Low Emission Cars and Their Effect on the Environment

A low emission vehicle (LEV) is a vehicle that emits less than 193 g/mile of CO2. Carbon Dioxide (CO2) is the pollutant that has the highest impact on the environment. Other toxic substances that vehicles emit include sulfur, carbon monoxide (CM), nitrous oxide (NOX), and hydrocarbons (HC). Aside from LEVs, there are several additional categories that further determine the level of emission of a vehicle: ultra-low emission vehicle (ULEV), super-ultra-low emission vehicle (SULEV) and zero-emission vehicle (ZEV).

Vehicles that meet SULEV standards include Honda Insight and Toyota Prius, as well as the Ford Focus SULEV variant. However, with the enormous advances in technology we are witnessing today, the goal is to produce as much zero-emission vehicles as possible, and many car makers already invest a lot of money doing just that. Zero-emission vehicles are electric and hybrid cars, that are in use nowadays.

Electric vehicles run on electric motors, that are powered by rechargeable batteries. They emit no pollutants and work quietly, thus contributing to reducing noise pollution, as well. Downsides to this technology is that electric vehicles get significantly lower mileage than gasoline-powered vehicles by as much as 50%, and the time they take to be charged is pretty long – it can last 7-8 hours. These cars, like all other products that involve new technologies, are pretty expensive, because of high production costs.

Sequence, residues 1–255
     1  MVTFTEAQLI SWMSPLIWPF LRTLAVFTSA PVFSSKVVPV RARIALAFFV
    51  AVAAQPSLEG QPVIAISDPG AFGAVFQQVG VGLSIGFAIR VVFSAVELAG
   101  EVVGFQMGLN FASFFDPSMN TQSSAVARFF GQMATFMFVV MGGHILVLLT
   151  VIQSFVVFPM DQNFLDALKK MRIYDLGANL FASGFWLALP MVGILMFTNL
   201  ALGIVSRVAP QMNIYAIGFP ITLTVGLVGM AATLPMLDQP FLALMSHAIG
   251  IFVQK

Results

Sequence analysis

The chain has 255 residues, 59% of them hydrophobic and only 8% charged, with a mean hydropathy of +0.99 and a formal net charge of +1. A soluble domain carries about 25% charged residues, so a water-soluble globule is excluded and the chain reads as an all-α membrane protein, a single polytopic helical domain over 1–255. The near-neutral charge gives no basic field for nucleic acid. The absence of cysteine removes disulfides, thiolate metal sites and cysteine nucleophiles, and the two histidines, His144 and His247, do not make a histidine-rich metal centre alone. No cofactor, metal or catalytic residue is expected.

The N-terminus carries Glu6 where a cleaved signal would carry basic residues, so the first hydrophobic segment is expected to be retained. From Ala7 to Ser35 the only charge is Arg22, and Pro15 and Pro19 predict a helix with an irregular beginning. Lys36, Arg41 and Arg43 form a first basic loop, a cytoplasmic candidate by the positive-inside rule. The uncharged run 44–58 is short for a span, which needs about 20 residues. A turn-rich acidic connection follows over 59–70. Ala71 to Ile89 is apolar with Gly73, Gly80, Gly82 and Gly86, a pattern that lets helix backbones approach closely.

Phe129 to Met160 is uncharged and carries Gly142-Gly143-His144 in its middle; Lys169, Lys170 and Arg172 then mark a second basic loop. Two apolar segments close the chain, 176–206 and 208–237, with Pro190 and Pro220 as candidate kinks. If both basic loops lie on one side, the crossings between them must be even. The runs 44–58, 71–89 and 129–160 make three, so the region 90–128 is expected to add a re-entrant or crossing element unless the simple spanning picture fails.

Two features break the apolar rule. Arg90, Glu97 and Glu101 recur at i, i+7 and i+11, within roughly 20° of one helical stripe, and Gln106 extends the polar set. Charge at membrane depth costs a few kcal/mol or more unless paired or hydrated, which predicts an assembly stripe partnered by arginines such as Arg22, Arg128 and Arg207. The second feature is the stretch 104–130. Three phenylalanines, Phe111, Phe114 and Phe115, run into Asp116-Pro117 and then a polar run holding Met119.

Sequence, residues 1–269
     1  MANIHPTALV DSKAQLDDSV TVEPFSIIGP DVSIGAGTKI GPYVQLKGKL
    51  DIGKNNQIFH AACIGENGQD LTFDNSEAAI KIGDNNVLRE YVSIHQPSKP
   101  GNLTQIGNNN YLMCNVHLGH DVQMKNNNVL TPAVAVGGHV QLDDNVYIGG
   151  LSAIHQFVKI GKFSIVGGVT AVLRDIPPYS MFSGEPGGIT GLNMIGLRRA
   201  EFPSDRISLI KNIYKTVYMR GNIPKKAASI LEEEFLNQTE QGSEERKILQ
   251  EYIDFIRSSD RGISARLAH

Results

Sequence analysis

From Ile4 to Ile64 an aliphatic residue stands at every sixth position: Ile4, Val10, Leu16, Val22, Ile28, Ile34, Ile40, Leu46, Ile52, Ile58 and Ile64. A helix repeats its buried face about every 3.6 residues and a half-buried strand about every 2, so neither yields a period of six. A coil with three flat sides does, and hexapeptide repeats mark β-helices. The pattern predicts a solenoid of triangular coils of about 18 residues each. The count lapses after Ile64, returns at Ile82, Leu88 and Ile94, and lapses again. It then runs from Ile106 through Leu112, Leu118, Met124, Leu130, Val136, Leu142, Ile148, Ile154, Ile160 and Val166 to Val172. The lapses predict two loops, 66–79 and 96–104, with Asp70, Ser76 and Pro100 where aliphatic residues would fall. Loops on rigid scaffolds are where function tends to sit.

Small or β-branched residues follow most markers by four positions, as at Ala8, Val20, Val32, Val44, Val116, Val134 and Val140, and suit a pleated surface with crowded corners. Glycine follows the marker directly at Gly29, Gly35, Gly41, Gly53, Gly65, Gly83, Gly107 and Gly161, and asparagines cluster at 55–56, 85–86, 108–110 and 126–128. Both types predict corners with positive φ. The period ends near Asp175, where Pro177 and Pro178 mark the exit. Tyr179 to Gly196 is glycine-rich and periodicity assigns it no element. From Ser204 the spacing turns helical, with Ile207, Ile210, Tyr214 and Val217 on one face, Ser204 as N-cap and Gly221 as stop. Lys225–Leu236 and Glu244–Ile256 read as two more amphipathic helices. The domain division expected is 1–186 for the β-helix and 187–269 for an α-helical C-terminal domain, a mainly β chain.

Hybrid cars use internal combustion engines in combination with electric motors for propulsion. The thing with hybrid vehicles is that they provide better performances than electric cars, but have higher emission levels due to the use of fossil fuels. Hybrids use the gasoline-powered engine to power the electric motor while driving, so it doesn’t need to be recharged. They are less expensive, and more people can afford hybrids, such as Toyota Prius or Honda Insight, compared to electric vehicles.

Latest experiments aiming to produce affordable zero-emission vehicles include fuel cell technology. These vehicles run on hydrogen, which is transformed into electricity by fuel cells to power an electric motor. Experts say fuel cell vehicles shouldn’t be too expensive once they become mass-produced. One of the major negative effects is the hydrogen extraction process, because it is not readily available. It has to be extracted from fossil fuels, which creates pollution. Other environmental-friendly technologies include biofuels, natural gas, and liquid petroleum gas and achieve some positive results in emission measurements and tests.